More than 40 days after Hurricane Maria pummeled the island territory, around 67 percent of Puerto Ricans still don't have power, while roughly 20 percent still struggle to find clean drinking water.

Congress has already allocated $52 billion for the plethora of natural disasters that have pummeled the nation this year, and many tens of billions of dollars more will be needed. But Puerto Rican officials say money isn't the only thing they need: They also say bureaucratic red tape and plain incompetence is hampering their efforts.

Puerto Rico sees an opportunity to reimagine the island

  Puerto Rico sees an opportunity to reimagine the island Puerto Rico's secretary for economic development tells CNNMoney that the destruction caused by Hurricane Maria represents an opportunity for the island to completely rebuild its infrastructure. Then the storm devastated the island's transportation and communication networks. President Trump says "broken infrastructure" was to blame for any delayed response by the federal government. Seven in 10 Puerto Ricans still have no power.

This makes Puerto Rico ’ s representation in Congress identical to Washington , D.C.’s, though Washington ’s legal status is different. After the vote, Governor Rosselló, a Democrat , chose two senators and five representatives — the numbers Puerto Rico would have based on its population —.

“Essentially, everything Puerto Rico has asked for up to and including today we’ve tried to align with and lean as far forward as we can,” Witham said. Arelis R. Hernández in San Juan and Joel Achenbach and Sandhya Somashekhar in Washington contributed to this report.

"None of these federal agencies speak to themselves or share information with one another, so that is a problem that needs to be dealt with that goes beyond Puerto Rico," Cruz said Wednesday.

While the official Maria-related death toll in Puerto Rico only stands at 54, Puerto Rican officials report there have been at least 911 cremations since the storm, which are being recorded by many hospitals and local officials as deaths attributed to natural causes.

That's "an outstanding figure – much higher than we've ever seen before" after similar disasters, Cruz said, noting that there needs to be more of an investigation into why disabled and elderly individuals, in particular, are dying at such a rapid pace. Such deaths are being recorded officially as "natural," but Cruz said, "it is a natural cause of death, but it is attached to the fact that you have no energy and no access to oxygen or your ventilator" because of hurricane damage.

The Trump administration came under fire last month after it came to light that Whitefish Energy Holdings, a small Montana company based in the hometown of Interior Secretary Ryan Zinke, won a $300 million, no-bid contract in Puerto Rico, which the territory canceled this week. The administration denies approving the contract.

Puerto Rico governor to tour Superstorm Sandy sites in NY

  Puerto Rico governor to tour Superstorm Sandy sites in NY The governor of Puerto Rico traveled to New York Thursday to see how the state rebuilt following Superstorm Sandy and meet with Democratic Gov. Andrew Cuomo to discuss his island's recovery from Hurricane Maria.Gov. Ricardo Rossello joined Cuomo for an aerial tour of sites on Long Island impacted by the 2012 storm that were rebuilt to be more resilient to flooding. The two men then discussed additional ways New York can help the U.S. territory, and Cuomo announced the deployment of additional utility workers to assist in restoring electricity.Rossello said he hopes Puerto Rico emerges from Maria as well as New York did after Sandy.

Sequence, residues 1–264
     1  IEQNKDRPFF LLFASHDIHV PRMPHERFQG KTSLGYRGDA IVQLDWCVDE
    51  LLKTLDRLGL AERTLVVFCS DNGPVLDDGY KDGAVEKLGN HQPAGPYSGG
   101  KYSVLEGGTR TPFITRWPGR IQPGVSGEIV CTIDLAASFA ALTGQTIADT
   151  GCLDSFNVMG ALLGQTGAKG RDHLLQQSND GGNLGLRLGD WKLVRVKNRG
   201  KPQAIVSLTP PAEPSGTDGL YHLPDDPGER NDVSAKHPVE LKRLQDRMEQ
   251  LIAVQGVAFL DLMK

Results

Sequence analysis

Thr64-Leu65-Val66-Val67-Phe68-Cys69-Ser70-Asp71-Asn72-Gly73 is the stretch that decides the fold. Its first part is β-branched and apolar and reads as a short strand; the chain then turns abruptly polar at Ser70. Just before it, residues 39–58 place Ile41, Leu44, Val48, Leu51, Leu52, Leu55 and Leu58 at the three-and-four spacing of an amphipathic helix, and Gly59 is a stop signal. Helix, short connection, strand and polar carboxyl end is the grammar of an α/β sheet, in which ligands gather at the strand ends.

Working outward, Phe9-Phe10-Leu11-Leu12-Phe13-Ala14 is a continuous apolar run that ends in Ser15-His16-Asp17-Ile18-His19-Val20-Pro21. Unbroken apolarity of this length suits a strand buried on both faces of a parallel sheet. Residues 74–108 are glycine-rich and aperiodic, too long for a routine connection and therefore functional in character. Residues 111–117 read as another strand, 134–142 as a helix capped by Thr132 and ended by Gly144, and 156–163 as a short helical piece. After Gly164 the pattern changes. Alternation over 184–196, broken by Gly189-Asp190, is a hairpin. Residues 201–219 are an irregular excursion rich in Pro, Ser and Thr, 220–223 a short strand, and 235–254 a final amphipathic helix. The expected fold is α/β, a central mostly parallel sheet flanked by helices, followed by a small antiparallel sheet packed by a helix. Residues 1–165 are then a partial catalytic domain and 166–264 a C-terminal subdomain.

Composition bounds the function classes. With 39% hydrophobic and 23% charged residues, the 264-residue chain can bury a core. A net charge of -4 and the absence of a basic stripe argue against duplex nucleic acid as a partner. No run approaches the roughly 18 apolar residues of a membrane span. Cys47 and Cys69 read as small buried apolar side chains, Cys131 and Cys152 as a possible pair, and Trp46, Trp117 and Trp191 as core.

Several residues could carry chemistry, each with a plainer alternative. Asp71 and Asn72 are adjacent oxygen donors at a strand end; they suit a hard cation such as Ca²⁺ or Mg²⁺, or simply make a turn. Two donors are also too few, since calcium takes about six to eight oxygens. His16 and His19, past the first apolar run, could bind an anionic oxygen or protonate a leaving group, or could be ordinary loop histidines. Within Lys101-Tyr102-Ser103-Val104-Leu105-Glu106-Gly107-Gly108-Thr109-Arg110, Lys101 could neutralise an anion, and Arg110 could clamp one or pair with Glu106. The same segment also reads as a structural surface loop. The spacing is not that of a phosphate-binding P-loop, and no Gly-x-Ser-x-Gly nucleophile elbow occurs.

President Trump warned that Puerto Rico will soon need to start helping itself. He tweeted that the federal government cannot keep FEMA employees and first responders on the More Washington Examiner. 2 hours ago. Trump tries to pin the blame for Obamacare premium hikes on Democrats .

His broadsides triggered an outcry from Democrats in Washington and officials on the island, which has been reeling The debate played out as the House passed, on a sweeping 353-69 vote, a .5 billion disaster aid package that includes assistance for Puerto Rico ' s financially-strapped government.

"No lawyer inside FEMA would ever have agreed to some of the language in that contract," FEMA Administrator Long testified before a Senate panel this week.

But the Whitefish scandal has only added to the feeling among many that the administration is bumbling the federal response to this disaster. While Trump has tried to paint that response in rosy colors, the members of Congress who have visited Puerto Rico or been briefed on the situation there note that the picture on the ground is dire – something they say Trump would know if he cared to be fully briefed on the disaster.

"I don't think he cares. I just don't think he cares," says Democratic Illinois Rep. Luis Gutierrez, who is of Puerto Rican descent. "So you have to put Trump in the 'I don't give a shit about the people of Puerto Rico' column. But you know what? There's a whole lot of other people that he [doesn't care about]. ... I don't want to make it sound like we're in an exclusive grouping."

Democrats are trying to keep the disaster on the radar, given that the president seems to have moved on from the issue, and say the federal government needs to learn from all of its mistakes so far.

"It is clear that when all is said and done that Puerto Rico will become a case study for everything that can go wrong and does go wrong when the American government needs to intervene and the American people need them most," Gutierrez says.

puerto rico hurricane damage: Hurricane damage in Mayaquez, Puerto Rico. © David Villafane/AP Hurricane damage in Mayaquez, Puerto Rico.

Puerto Rico Needs a 'Just' Recovery, Say Groups .
Organizations rallied in Miami for a "just recovery' for Puerto Rico including a focus on environmental and sustainability issues and a call to repeal the Jones Act.MIAMI -- Organizations including Climate Justice Alliance, Greenpeace and others are shining a spotlight on the need for Puerto Rico to have what they call a "just recovery," during a press conference in Miami Friday afternoon. It's part of a national campaign called #Our Power Puerto Rico: Art for Climate Justice.